The topic of offering discounts to attract new customers consistently comes up, especially this time of year as we enter the holiday season. Whether you are a Gym, Studio, or Event Producer, it’s tempting to offer discounts to get new business to walk through the door, but what type of business does this attract? Does offering discounts lead to new long-term customers, or do discounts lead to single serving or drive-by customers? If you answered with long-term customers, please keep doing whatever you are doing. If you answered with drive-by customers or don’t know what the answer is, there are a few things to consider when offering discounts.
Are you equipped to handle a surge in business? Having a significant amount of additional business mean employees need to work more hours or more employees need to be hired. Are you able to accommodate either of these options? If the increase is temporary will you be able to scale back down after the surge?
Will you be able to convert these new customers to paying the full rate? If not, will these new customers be profitable for you or will they speed up the demise of your business? At the risk of stating the obvious, gaining additional customers that you are losing money on is not a healthy path for your business.
Will you offend any of you loyal long term customers by offering discounts to new customers or will you be able to handle offering the discount to everyone? Since gaining a customer is much more difficult and expensive than keeping a customer, you don’t want to do anything that will annoy your existing customers. Will offering a discount to new customers do that? Can you afford to allow existing customers to take advantage of a discounted offer?
Will offering a discount change the perception of your brand? Are you the premium price brand, like Apple, or the low cost leader, like Wal-Mart? Both have been very successful with their model and are among the most valuable companies in the world, but have very different identities. If you are the premium brand, will offering a discount reinforce or change the perception of your brand in a way you are comfortable with?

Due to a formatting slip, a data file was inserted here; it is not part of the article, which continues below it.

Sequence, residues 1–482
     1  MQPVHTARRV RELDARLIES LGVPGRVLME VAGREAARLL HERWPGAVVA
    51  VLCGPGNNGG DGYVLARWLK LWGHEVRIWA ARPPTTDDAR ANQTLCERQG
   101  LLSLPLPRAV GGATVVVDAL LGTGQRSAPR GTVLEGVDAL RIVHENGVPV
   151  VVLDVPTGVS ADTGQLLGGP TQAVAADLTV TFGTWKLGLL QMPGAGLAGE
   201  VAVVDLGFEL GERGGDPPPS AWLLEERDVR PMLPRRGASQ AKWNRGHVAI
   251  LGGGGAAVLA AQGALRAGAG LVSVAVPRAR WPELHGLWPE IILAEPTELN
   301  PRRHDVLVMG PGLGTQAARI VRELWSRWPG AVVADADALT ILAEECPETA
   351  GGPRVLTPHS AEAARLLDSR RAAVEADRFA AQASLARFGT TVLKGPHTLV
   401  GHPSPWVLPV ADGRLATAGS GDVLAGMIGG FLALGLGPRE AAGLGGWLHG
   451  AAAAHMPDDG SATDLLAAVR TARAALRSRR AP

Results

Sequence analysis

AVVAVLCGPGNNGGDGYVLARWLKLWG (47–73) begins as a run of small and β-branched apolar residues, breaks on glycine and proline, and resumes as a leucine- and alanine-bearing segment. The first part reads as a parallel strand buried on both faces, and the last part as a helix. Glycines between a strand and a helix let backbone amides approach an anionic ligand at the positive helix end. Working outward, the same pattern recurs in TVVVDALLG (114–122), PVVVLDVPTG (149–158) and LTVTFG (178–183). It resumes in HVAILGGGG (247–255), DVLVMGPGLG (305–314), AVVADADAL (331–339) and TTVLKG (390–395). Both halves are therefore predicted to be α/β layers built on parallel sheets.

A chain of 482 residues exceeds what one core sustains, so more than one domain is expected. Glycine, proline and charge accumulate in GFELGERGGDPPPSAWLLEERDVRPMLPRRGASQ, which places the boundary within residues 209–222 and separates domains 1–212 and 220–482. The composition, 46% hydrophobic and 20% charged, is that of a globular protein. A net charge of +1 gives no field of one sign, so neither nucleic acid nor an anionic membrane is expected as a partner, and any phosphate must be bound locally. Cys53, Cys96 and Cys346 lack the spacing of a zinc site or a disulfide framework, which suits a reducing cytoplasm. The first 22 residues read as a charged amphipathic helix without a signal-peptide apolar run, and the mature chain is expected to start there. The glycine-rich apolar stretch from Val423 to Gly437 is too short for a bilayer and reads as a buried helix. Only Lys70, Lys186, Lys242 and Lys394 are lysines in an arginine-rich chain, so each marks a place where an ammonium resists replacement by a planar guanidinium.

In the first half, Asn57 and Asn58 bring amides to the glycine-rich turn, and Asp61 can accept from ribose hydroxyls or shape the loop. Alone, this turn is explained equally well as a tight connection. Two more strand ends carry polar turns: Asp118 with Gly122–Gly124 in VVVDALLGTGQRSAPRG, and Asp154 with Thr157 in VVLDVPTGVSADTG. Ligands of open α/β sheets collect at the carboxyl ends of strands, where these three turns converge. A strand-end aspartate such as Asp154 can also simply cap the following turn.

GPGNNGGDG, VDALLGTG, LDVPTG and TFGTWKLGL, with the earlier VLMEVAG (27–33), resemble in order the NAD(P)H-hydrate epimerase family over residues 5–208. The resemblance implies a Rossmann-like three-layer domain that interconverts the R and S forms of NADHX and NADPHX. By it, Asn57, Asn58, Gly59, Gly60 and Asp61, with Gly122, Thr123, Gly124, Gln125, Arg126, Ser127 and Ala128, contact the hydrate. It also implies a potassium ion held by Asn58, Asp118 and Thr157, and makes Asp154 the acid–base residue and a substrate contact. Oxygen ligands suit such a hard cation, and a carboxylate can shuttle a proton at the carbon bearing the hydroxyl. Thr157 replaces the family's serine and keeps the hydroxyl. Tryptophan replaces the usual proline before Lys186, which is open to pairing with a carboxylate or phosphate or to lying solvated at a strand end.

One of the things that seems to be consistent across gyms is accounts being behind, especially this time of year. As an owner you have to keep overdue accounts under control in order to avoid paying for things your athletes are paying for and driving yourself out of business. Control starts with having a policy regarding overdue accounts. It could range from having a policy that prevents anyone that is behind or a certain dollar amount behind from participating to requiring a card on file, but regardless of the option you go with you must apply it consistently. The final part is applying it consistently to everyone. Firmly enforcing the option you choose will let your parents know you are serious about the business side of things and give them faith you’ll be around for the long run.
Letting an athlete get behind puts you in a bad position. If the athlete quits or you throw them off with an overdue account it will pretty much ensure you won’t be collecting what’s due. To mitigate this, the sooner the decision is made for the overdue account to no longer participate the better it is financially. On one hand you are no longer increasing how much you are owed and on the other hand you are no longer helping a family rack up debt they can’t handle. If you let the athlete continue with an overdue account, you are not just giving your service away, you are actually paying someone to take it. If you are paying fees, but haven’t collected the money from the athlete, you are paying everyone else in the industry, uniform companies, event producers, choreographers, music producers, but you haven’t paid yourself. You cannot stay in business this way.
I heard several reasons explaining why some athletes don’t pay. If you choose to allow this please understand the impact of doing so. On the positive side you usually get better athletes and can compete with closer to the maximum number of people allowed, increasing your chances of placing well. On the negative side you can offend the families that are paying, causing them to leave your program. Of course what is done is your choice, just make sure the decisions you are making are helping you accomplish the goals you have set.
Jay Goltz wrote What Satisfying Picky Customers Can Mean to a Business in response to Paul Downs’ article about The Very Picky Customer. Goltz points out the difference between no growth, average growth, and exceptional growth over time can come down to how a business works with challenging customers.